Britain voted for Brexit in June 2016: eight months later we are still in the phoney war.
As a kid my grandmother and I often took the 113 bus home. I loved travelling on the upper deck of the red London bus. As we turned into Edgwarebury Lane, Granny and I had to prepare to get off, and she warned me, “Don’t stand up before we’ve turned the corner. You’ll fall.” Doubting the wisdom of Granny’s words, I stood up without holding on saying, “See, I didn’t fall.” “Yes,” said Granny, “but we haven’t turned the corner yet.”
Something like that is very much how I feel today about Brexit, the almost mindless amputation of the UK from the EU and the EFTA single market. Britain is going to a very lonely place, and while it is true that very little has happened in the phoney war so far - except for a rise in fear and a drop in the value of sterling - the gathering dark clouds are ominous.
Business will gravitate out of the UK to EU countries simply because it makes more sense to have easy access to hundreds of millions of workers and consumers than to sixty-five millions. The UK will respond by becoming an economic dependent on the US and accelerating towards a low-regulation, low-wage economy.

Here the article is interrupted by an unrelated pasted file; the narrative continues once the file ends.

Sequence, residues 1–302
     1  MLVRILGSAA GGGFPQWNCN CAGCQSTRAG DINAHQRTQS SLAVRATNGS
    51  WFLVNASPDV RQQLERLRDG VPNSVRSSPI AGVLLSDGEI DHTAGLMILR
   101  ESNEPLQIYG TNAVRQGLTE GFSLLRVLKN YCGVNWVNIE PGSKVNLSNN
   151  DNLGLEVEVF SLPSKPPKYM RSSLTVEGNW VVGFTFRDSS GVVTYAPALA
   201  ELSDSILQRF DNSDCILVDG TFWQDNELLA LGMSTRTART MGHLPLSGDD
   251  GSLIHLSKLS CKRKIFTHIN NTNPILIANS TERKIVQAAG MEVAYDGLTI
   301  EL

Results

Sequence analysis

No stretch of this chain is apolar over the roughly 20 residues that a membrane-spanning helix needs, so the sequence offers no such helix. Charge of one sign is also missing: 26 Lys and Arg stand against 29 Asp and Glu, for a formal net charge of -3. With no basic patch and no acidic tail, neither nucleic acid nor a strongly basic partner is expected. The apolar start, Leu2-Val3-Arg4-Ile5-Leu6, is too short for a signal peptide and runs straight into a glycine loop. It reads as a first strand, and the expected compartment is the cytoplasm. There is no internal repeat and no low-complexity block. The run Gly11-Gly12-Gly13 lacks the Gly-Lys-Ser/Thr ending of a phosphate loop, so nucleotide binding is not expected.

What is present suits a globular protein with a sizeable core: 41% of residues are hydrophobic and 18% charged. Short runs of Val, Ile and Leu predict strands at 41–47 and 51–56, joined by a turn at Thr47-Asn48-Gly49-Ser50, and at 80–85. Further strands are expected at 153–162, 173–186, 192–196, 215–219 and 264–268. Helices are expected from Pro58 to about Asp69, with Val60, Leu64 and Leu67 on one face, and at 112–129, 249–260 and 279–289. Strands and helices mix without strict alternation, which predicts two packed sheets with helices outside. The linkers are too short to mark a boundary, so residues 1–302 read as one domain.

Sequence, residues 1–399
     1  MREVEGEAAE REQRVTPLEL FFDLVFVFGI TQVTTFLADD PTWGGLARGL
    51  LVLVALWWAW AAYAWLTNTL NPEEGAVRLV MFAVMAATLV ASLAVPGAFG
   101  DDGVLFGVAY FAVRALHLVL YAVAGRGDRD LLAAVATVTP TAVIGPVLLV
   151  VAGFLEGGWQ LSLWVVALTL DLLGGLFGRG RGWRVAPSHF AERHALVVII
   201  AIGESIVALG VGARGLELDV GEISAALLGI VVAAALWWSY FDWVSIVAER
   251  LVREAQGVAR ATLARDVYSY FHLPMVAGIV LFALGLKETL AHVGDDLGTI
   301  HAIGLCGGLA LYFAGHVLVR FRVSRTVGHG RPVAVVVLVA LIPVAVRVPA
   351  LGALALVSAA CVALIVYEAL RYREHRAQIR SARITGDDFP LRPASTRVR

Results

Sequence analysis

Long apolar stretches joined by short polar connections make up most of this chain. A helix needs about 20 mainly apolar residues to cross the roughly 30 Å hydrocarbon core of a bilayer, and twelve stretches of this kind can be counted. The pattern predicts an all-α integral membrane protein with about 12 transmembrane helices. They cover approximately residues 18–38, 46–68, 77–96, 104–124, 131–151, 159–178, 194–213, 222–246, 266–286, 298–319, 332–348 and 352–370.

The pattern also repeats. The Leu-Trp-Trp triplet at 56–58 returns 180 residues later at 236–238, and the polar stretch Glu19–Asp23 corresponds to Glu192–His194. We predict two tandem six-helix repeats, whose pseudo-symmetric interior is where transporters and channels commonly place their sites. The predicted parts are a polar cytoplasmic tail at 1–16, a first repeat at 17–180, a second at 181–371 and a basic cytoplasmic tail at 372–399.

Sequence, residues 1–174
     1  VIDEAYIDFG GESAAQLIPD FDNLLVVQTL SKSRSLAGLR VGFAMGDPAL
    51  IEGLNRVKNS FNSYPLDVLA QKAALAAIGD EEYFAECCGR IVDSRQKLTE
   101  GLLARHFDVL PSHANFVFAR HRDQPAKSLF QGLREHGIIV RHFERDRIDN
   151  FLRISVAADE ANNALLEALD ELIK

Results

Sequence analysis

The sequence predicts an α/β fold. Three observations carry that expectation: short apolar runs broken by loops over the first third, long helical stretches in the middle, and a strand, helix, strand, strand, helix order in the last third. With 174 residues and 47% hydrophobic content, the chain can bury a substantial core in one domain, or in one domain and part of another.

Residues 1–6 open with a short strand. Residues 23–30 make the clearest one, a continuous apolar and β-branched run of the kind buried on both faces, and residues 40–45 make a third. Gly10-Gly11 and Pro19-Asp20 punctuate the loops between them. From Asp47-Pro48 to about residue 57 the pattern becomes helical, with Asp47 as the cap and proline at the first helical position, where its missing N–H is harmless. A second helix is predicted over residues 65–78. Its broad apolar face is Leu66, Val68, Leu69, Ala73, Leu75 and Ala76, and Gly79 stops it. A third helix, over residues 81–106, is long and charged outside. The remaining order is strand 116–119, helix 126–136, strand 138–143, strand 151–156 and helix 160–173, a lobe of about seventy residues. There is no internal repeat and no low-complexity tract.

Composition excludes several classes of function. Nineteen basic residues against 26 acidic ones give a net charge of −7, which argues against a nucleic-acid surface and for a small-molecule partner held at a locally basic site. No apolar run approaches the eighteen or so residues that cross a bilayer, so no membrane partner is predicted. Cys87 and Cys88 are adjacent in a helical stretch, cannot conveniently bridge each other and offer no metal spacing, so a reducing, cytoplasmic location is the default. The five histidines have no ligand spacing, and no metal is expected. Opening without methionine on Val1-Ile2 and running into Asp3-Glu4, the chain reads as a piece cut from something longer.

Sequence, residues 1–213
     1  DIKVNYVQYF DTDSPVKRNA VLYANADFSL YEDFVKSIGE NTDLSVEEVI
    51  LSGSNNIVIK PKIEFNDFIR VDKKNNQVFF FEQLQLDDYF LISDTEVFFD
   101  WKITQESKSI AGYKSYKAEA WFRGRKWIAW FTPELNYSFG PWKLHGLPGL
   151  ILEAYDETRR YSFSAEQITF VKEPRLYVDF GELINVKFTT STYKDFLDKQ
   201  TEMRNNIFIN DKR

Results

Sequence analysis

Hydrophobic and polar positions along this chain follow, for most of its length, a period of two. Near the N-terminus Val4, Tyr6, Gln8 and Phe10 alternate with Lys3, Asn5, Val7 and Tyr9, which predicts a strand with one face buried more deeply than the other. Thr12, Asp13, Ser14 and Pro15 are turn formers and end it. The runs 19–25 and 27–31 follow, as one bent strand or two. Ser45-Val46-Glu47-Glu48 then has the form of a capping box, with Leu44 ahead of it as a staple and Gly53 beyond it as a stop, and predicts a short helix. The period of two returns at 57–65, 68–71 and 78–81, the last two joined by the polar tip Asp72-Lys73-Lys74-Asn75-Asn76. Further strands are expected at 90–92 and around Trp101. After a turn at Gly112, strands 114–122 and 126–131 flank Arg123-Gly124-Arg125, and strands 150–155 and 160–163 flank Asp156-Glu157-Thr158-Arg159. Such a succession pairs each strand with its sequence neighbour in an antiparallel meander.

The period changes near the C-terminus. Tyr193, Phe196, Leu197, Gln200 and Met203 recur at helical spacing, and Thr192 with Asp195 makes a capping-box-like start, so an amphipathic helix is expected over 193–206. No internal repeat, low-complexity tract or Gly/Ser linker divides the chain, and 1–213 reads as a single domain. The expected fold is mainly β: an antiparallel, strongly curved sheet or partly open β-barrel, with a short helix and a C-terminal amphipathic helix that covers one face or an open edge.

Who loses? Higher unemployment, lower pay, worse working conditions and poorer social provision will affect all working people. But non-British EU citizens in Britain and British citizens in other EU countries will face the brunt. At worst it means expulsion, creating the worst ethnic cleansing in Europe, Yugoslavia aside, since World War Two. At best four million people will experience discrimination and insecurity in their adopted homelands.
If the future beholds a toxic mix of ascendant xenophobic nationalism and economic dislocation, we have much to fear. Reassuring White Papers and statements by Tory ministers tell us what government wants and what they hope will happen. They might tell us, “Get over it,” but it hasn’t happened yet, and the pain is likely to be bigger and more long-lasting than we think.